WASHINGTON The Labor Department on Thursday sought to defend its record of helping reservists who are denied their old civilian jobs when they come back from war.
Lawmakers said the system is broken; one senator called the procedures for veterans seeking help a confusing "Walter Reed-like nightmare."
Charles Ciccolella, the department's assistant secretary for veterans' employment and training, acknowledged that officials could do a better job protecting the legal rights of troops who take leave from work to fight for their country.
But Ciccolella said the solution was to improve education of employers not to litigate more cases in court. Most disputes can be resolved with a phone call to an employer explaining what the law is, he said.
"In many cases, the employer does not understand the law," Ciccolella told a Senate panel. "It is not the egregious, 'We are not going to hire you or fire you."'
A Pentagon survey of reservists in 2005-06, released Thursday by the Senate Health, Education, Labor & Pensions Committee, details increasing discontent among returning troops under strain from extended tours in Iraq.
It found that 44 percent said they were dissatisfied with how the Labor Department handled their complaint of employment discrimination based on their military status, up from 27 percent in 2004.
Nearly one-third, or 29 percent, said they had difficulty getting the information they needed from government agencies charged with protecting their rights, while 77 percent of those with a complaint said they didn't even bother trying to get assistance, in part because they didn't think it would make a difference.
The findings come amid intense political and public scrutiny of veterans' care following reports earlier this year of substandard outpatient treatment at Walter Reed Army Medical Center, the premier hospital for troops returning from Iraq and Afghanistan.
Sen. Ted Kennedy, D-Mass., who chairs the Senate panel, called the findings "appalling." He said he plans legislation to hold agencies accountable by requiring them to collect and release employment data, noting that the Pentagon did not release the survey until he specifically asked for it.
The Labor Department currently releases an annual report on employment complaints to Congress, but the figures do not include Pentagon data. The report, due to Congress on Feb. 1, has yet to be released this year.
"Veterans who seek help face a Walter Reed-like nightmare a system that is crumbling and failing to serve them when they need it most," Kennedy said. "Our laws require the federal government to defend veterans' rights, but those who seek help must wait for months, even years, just to get a simple answer."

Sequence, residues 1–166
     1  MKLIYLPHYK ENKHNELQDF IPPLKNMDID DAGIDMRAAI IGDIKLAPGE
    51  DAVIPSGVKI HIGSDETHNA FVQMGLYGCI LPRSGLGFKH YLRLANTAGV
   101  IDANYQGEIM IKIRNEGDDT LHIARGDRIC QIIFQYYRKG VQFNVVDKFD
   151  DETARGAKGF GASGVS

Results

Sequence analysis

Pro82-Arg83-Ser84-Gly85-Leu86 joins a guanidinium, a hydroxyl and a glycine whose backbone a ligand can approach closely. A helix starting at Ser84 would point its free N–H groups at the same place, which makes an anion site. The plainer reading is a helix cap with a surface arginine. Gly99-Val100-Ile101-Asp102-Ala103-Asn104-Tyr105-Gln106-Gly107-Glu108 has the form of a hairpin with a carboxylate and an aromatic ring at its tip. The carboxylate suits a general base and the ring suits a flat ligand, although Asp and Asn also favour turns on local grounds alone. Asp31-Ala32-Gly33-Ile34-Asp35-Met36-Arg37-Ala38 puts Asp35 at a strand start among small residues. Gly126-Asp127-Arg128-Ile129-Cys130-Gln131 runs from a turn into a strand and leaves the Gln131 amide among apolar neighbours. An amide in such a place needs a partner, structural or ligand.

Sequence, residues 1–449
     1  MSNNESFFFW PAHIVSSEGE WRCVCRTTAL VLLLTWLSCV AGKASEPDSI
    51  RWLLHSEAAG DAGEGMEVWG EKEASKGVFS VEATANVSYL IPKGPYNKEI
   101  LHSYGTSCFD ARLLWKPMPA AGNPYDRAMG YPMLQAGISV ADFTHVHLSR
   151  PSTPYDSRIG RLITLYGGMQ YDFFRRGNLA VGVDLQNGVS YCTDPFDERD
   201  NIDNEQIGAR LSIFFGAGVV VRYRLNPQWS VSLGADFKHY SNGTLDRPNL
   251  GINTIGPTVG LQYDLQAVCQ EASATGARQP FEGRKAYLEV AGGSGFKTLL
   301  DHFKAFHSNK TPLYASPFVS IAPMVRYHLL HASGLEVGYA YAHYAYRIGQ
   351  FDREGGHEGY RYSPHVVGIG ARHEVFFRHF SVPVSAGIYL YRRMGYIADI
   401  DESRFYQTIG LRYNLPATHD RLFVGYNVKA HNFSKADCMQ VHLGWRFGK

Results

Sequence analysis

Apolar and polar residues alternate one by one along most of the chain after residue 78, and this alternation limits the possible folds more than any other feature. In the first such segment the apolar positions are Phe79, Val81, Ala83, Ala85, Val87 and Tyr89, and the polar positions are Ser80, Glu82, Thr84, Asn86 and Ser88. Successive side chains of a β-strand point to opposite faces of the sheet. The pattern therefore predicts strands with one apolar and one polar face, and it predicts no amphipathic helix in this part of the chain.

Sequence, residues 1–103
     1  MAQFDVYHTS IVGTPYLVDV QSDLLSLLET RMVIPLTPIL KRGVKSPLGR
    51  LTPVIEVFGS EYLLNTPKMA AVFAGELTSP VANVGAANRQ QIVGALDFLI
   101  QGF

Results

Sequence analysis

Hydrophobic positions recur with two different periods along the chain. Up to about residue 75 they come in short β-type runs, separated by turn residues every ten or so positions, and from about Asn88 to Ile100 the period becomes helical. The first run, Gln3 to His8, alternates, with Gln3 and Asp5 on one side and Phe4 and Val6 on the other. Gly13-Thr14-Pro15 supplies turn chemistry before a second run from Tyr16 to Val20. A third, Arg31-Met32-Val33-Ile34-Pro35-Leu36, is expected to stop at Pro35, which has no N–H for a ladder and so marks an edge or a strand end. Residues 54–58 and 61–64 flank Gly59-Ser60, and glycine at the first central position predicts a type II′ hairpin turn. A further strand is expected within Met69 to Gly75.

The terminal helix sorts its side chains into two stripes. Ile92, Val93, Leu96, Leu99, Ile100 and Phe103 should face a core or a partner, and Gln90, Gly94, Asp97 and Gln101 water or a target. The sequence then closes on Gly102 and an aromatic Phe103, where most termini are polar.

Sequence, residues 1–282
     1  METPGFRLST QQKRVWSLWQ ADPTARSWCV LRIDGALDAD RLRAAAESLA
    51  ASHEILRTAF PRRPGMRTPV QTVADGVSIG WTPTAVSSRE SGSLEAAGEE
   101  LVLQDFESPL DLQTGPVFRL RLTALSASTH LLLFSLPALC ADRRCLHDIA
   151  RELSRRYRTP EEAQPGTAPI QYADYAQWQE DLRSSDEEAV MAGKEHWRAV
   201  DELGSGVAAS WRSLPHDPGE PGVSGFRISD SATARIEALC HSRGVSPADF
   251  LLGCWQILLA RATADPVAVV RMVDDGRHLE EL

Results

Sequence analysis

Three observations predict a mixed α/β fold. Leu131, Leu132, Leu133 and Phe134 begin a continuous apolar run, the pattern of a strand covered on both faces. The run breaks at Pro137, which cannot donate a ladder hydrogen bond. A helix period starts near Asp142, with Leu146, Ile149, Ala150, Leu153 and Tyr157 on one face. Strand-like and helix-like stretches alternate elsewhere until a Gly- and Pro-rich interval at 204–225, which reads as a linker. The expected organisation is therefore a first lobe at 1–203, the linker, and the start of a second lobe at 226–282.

Sen. Lisa Murkowski, R-Alaska, agreed. She described a veteran in her state who was told his specific position had been eliminated when he returned home and was given a "comparable" position in a city more than one hour away by plane.
He filed a complaint with the Labor Department but waited seven years while officials apparently had forgotten about it or neglected it, Murkowski said.
"How can we have a system that lets a veteran fall through the cracks like that?" she asked. "This is a system that is not working."
Legal experts say the Pentagon's findings might represent the tip of the iceberg. Formal complaints to the Labor Department by reservists hit nearly 1,600 in 2005 the highest number since 1991 not counting the thousands more cases reported each year to the Pentagon for resolution by mediation.
And a bump in complaints is likely once the Iraq war winds down and more people come home after an extended period in which employers were forced to restructure or hire new workers to cope with those on military leave, they said.
Among the survey's findings:
About 23 percent of reservists reported they did not return to their old jobs in part because their employer did not give them prompt re-employment or their job situation changed in some way while they were on military leave.
Twenty-nine percent of those choosing not to seek help to get their job back said it was because it was "not worth the fight." Another 23 percent said they were unsure of how to file a complaint. Others cited a lack of confidence that they could win (14 percent); fear of employer reprisal (13 percent), or other reasons (21 percent).
Reservists reported receiving an average of 1.8 briefings about their job rights and what government resources were available. This is down slightly from the 2.0 briefings they reported getting in 2004.
"Most of the government investigators are too willing to accept the employer's explanation for a worker's dismissal," said Sam Wright, a former Labor Department attorney who helped write the 1994 discrimination law protecting reservists.
"Some of it is indifference, some of them don't understand the laws involved," Wright said. "But the investigators establish for themselves this impossibly hard standard to win a case."
Under the law, military personnel are protected from job discrimination based on their service and are generally entitled to a five-year cumulative leave with rights to their old jobs upon their return. Reservists typically file a complaint first with a Pentagon office, the Employer Support of the Guard and Reserve (ESGR), which seeks to resolve the dispute informally.
If that effort fails, a person typically can go to the Labor Department to pursue a formal complaint and possible litigation by the Justice Department.